The NLRB is looking for ways to become relevant to the 93 percent of employees not covered by a collective bargaining agreement.
With transparency comes responsibility. How much you permit your employees to connect on social media sites will, in part, depend in how much of their personal lives you want leaking into your workplace.
If you don’t want something to appear on the front page of the newspaper, or to be read in front of a judge or jury, don’t put it in writing. Don’t email it, don’t text it, don’t Facebook it, and don’t tweet it.
The Labor Department is watching this issue. These types of claims are increasing, and you take a risk of a retaliation claim if you terminate an employee who reported a workplace injury.
The issue boils down to whether your state’s trade-secrets law prohibits threatened misappropriation of trade secrets in addition to actual misappropriation.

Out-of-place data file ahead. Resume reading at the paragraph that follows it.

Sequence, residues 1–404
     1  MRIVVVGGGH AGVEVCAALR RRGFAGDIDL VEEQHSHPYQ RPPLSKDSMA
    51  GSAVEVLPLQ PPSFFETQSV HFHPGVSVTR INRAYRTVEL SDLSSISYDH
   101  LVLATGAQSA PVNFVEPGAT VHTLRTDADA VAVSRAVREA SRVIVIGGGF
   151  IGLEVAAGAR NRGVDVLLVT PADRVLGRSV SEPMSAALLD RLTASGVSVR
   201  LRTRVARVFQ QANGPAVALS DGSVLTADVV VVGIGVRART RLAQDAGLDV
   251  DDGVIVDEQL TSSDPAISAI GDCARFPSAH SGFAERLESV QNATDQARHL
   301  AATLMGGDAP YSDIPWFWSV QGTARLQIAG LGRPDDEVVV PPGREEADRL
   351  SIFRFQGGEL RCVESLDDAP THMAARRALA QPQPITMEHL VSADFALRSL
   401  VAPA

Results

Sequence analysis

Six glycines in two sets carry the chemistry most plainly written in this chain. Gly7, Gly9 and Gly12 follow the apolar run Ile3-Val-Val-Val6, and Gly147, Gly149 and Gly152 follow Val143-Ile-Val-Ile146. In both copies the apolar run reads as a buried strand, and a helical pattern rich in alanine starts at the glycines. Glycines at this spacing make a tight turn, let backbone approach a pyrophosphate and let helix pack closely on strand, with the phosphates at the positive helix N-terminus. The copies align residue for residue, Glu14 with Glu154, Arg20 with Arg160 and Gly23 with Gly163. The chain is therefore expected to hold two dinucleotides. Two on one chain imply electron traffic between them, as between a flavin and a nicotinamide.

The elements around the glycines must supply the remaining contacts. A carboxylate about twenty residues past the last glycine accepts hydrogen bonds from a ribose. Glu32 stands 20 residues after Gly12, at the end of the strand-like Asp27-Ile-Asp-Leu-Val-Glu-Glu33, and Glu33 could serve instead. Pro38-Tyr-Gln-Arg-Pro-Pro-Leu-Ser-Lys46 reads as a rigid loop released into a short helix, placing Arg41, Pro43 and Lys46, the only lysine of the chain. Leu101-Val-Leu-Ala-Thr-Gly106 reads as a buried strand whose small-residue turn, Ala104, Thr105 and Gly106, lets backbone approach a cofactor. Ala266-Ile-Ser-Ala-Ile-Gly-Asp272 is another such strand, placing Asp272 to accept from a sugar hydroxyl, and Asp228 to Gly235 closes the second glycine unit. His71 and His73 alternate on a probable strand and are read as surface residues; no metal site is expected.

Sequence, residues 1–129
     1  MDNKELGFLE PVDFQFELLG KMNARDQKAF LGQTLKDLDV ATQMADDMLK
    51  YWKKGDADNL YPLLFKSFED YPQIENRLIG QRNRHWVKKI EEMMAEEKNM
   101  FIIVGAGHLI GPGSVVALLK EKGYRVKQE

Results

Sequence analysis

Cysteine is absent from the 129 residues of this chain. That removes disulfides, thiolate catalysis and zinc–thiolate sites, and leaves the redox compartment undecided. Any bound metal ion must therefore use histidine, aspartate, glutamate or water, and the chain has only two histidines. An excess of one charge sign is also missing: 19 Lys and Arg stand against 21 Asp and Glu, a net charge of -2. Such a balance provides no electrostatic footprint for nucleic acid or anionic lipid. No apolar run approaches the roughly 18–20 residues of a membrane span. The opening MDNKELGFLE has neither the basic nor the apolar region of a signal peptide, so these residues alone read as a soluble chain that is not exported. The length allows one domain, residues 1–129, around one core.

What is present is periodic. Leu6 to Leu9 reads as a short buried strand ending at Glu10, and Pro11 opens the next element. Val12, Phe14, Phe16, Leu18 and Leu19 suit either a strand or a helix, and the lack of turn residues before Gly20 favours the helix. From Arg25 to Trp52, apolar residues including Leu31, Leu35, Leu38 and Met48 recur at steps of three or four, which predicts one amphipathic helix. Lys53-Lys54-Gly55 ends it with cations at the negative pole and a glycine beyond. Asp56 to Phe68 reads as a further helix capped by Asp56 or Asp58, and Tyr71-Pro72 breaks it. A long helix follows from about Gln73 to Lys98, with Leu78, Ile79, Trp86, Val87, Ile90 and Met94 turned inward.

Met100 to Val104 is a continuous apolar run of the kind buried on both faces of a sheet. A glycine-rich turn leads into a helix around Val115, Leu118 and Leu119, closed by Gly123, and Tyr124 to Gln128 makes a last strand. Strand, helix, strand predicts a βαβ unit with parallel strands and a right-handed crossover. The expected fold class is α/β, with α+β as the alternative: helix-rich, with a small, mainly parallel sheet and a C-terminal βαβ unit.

Don’t shred your settlement and severance agreements just yet. Modify your agreements to bolster and clarify the protected-activity carve-out.
If the EEOC is successful in this lawsuit, employers will have to reconsider key provisions in their severance and settlement agreements.
Limiting discussion of trade secrets and other confidential, proprietary information is fine. Wages and other terms and conditions of employment, however, are off limits.
The importance of having your union avoidance strategy in place before a union comes knocking will be even more important if these new election rules take hold.
We've completed our skills gap analysis and competency profile - but we can't find enough good candidates in the job market who have the right skills. Now that we have all this information, where do we go from here? — Only Half the Problem, HR consultant, Nairobi